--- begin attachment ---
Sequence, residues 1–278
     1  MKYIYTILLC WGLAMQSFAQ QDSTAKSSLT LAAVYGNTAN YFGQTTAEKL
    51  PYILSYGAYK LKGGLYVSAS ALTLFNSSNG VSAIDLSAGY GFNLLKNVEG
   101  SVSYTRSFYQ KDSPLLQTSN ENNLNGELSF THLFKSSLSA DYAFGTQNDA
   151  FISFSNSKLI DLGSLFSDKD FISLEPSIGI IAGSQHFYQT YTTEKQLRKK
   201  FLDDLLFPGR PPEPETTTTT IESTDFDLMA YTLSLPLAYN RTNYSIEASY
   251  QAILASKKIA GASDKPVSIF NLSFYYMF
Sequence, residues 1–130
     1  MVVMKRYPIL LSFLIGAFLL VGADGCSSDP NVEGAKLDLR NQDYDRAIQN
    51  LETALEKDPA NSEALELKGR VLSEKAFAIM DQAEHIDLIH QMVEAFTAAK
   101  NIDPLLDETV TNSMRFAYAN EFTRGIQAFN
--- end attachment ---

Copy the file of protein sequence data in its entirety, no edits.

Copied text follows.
Sequence, residues 1–278
     1  MKYIYTILLC WGLAMQSFAQ QDSTAKSSLT LAAVYGNTAN YFGQTTAEKL
    51  PYILSYGAYK LKGGLYVSAS ALTLFNSSNG VSAIDLSAGY GFNLLKNVEG
   101  SVSYTRSFYQ KDSPLLQTSN ENNLNGELSF THLFKSSLSA DYAFGTQNDA
   151  FISFSNSKLI DLGSLFSDKD FISLEPSIGI IAGSQHFYQT YTTEKQLRKK
   201  FLDDLLFPGR PPEPETTTTT IESTDFDLMA YTLSLPLAYN RTNYSIEASY
   251  QAILASKKIA GASDKPVSIF NLSFYYMF
Sequence, residues 1–130
     1  MVVMKRYPIL LSFLIGAFLL VGADGCSSDP NVEGAKLDLR NQDYDRAIQN
    51  LETALEKDPA NSEALELKGR VLSEKAFAIM DQAEHIDLIH QMVEAFTAAK
   101  NIDPLLDETV TNSMRFAYAN EFTRGIQAFN